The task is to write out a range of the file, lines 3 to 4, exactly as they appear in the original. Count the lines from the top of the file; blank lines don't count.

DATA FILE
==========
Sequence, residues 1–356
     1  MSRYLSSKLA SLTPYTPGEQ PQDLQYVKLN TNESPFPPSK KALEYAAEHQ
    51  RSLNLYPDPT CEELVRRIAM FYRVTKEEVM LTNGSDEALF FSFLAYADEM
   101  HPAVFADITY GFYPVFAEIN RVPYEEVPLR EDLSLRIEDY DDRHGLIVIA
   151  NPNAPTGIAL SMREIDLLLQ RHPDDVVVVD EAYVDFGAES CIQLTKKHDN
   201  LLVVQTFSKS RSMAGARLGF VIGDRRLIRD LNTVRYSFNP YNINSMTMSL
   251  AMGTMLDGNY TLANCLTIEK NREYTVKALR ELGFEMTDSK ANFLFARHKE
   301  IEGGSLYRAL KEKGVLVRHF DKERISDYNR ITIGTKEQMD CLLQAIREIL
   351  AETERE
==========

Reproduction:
    51  RSLNLYPDPT CEELVRRIAM FYRVTKEEVM LTNGSDEALF FSFLAYADEM
   101  HPAVFADITY GFYPVFAEIN RVPYEEVPLR EDLSLRIEDY DDRHGLIVIA